If you refer to the skins, I don't know...I can assure you one thing my Doberman loves them. Smile
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The PPP
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PostPosted: Fri May 30 08 8:58 am    Post subject: Reply with quote

This is really great! How long will the sausage last after they are cooked.
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JoeD
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PostPosted: Sat May 31 08 3:29 am    Post subject: Reply with quote

The PPP wrote:
This is really great! How long will the sausage last after they are cooked.


I still have a few fresh sausages but the majority are vacuum sealed and frozen, I believe I can safely keep'em for two years, however I know for sure that we'll eat'em rather quickly Wink
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nes_matt
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PostPosted: Mon Jun 09 08 6:10 am    Post subject: Reply with quote

Oh man! I was in a hispanic butcher shop last weekend and they had the best looking and smelling sausages in the display case. Now I'll have to go back and get some!

I'm new to this smoking thing, but possibilities like this make me want to learn/do more. I love Chouriço. I'll have to see if I can get some in the raw from the market.

Is that temperature sequence pretty standard for sausages?
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kgough



Joined: 30 Apr 2008
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Location: Wellsville, NY

PostPosted: Wed Jun 11 08 9:35 pm    Post subject: Reply with quote

Wow, I like the big chunks of meat.
I think I see a grinder in the picture.
What size grinder holes?

Ken
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rjmontana
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Joined: 23 Nov 2006
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PostPosted: Wed Jun 25 08 5:49 am    Post subject: Chorizo Reply with quote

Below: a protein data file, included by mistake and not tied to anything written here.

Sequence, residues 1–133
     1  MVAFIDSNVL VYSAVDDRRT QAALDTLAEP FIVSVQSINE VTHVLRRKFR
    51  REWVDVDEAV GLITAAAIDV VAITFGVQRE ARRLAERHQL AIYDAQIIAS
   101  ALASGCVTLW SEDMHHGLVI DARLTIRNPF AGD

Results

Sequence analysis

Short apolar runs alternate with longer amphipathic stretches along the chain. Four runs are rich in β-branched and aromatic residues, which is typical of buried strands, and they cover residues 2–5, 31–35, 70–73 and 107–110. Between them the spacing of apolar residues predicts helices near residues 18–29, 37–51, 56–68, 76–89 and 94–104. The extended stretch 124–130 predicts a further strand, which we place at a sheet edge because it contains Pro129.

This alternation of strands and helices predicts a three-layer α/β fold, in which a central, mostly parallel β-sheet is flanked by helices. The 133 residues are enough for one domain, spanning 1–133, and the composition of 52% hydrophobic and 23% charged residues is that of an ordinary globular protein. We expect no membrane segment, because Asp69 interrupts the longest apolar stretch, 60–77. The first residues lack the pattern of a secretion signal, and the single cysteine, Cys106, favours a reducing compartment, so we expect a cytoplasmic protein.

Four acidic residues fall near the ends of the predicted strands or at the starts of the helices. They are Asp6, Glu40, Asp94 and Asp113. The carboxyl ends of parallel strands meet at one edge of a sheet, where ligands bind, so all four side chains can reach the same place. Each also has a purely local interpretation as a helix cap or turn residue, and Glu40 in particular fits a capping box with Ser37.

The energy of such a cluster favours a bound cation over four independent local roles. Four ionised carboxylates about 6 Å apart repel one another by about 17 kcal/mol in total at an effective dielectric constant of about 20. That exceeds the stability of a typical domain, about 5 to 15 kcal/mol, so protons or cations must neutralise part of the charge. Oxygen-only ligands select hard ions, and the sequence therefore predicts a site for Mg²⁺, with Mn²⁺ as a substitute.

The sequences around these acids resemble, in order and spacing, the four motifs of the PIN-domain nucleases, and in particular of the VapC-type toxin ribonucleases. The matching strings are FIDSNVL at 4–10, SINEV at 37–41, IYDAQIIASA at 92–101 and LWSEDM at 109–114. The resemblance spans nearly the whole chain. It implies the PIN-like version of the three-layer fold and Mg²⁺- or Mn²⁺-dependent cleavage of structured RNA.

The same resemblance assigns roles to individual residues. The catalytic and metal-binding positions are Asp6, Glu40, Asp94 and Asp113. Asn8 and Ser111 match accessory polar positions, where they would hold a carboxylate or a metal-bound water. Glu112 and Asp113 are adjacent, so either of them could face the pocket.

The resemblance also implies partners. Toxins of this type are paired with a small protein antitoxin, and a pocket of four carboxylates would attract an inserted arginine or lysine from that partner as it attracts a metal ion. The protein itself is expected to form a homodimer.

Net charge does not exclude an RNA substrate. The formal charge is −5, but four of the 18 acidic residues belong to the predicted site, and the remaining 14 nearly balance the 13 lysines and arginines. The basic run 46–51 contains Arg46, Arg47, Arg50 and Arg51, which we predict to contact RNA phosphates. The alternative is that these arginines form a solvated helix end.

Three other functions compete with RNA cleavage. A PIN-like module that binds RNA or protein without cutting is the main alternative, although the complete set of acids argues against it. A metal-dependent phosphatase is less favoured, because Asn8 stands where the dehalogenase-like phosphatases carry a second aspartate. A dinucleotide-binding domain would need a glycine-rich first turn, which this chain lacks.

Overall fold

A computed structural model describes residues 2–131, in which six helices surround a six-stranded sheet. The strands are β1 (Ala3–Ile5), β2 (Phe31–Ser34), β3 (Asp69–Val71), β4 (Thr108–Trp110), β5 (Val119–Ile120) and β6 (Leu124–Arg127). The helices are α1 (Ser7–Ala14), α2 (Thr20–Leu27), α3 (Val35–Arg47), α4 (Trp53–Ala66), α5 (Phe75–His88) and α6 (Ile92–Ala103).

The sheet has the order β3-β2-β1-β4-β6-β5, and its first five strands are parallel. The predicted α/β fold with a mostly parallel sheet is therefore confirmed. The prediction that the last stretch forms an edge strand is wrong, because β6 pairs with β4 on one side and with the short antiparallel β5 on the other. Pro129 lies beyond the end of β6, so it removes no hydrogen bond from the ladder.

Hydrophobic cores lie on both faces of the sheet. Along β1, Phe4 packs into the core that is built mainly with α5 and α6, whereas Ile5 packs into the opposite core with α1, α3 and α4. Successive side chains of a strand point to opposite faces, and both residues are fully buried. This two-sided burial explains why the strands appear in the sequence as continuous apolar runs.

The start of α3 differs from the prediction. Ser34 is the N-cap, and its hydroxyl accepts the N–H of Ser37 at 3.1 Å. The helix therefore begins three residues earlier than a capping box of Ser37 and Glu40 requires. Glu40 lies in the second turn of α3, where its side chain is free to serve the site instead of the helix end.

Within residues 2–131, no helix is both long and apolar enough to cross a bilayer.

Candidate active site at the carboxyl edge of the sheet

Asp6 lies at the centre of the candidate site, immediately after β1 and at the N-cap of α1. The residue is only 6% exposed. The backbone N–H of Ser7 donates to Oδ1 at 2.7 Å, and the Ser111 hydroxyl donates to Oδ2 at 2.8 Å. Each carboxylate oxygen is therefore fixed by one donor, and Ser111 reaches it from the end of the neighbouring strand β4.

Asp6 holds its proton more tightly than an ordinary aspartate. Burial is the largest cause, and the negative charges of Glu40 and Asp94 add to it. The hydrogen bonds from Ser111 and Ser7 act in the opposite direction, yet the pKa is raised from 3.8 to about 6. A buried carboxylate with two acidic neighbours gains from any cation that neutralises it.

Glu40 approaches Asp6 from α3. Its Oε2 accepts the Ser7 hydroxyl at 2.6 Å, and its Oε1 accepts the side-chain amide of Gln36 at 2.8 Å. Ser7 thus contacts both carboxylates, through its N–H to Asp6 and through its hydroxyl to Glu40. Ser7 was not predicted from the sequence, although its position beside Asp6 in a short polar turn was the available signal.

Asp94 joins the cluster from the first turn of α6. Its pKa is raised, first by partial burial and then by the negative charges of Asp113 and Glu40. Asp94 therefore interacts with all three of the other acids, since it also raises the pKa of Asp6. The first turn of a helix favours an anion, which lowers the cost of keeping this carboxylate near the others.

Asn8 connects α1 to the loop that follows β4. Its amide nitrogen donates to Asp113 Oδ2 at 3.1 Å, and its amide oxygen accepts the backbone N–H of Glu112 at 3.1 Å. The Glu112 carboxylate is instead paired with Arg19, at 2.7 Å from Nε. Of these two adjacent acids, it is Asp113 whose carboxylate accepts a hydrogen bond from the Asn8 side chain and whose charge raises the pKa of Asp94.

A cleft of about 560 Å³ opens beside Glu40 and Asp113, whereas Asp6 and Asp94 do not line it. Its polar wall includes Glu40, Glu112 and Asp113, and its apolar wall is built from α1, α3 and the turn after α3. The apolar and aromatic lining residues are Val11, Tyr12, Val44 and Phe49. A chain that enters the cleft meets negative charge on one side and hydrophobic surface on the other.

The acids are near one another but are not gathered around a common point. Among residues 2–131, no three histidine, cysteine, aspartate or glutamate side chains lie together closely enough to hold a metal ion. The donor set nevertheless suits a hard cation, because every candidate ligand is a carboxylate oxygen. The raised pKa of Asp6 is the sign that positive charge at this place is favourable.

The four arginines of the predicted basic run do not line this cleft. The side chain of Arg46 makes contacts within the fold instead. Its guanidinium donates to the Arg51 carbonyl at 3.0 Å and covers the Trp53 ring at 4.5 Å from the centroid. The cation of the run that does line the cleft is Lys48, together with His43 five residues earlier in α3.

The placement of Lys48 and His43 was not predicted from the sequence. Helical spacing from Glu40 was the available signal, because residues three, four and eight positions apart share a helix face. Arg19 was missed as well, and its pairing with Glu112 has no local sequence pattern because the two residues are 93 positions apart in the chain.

Are you referring to Chorizo? A mild-med spicy Spanish/Basque or Mexican sausage. Spanish/Basque version is a link smoked sausage and the Mexican version is a fresh bulk version that is often sold in clear synthetic casings but used in bulk form. I've been eating Chorizo since I was a young kid as my dad grew up eating it in San Diego. Only at the Mexican style for the first half of my life. Usually fried up a skillet of potatoes til 3/4 done then added 1/2 a chub of Chorizo and cooked the sausage down and let the potatoes swim around in all that seasoned pig fat and soak up all those good flavors. Serve with a couple flour tortilla's and you have a breakfast fit for a king. In my early 20's while living in a Western Idaho/Eastern Oregon community that has a strong Basque/Spanish contingency I was introduced to the other Chorizo version, the smoked link. It was served locally at most outdoor community events and sporting/fair venues much like Brats are served in other parts of our fine country. These sausages are usually grilled like any other sausage and served on a bun with the condiments of your choice. I was recently down there visiting family and brought home 20 pounds of the link type Chorizo to package and freeze. I love having them in the freezer for grill nights. Some good ones are made by a company in Boise, ID just down the road from where my inlaws live. I don't know if I prefer the bulk Mexican style or the Basque link style better. Thats why I probably keep plenty of both in the freezer to serve either mood. Lots of recipe's out there for the sausage. You can by the bulk Mexican Chorizo in either Beef or Pork base. I strongly prefer the Pork, my palate is quite partial. Give it a try if you like mild/med spicy sausage with a vinegary background, you my find a new favorite. See ya, RJ in Montana.
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broncosmoker
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PostPosted: Wed Jun 25 08 10:01 am    Post subject: Reply with quote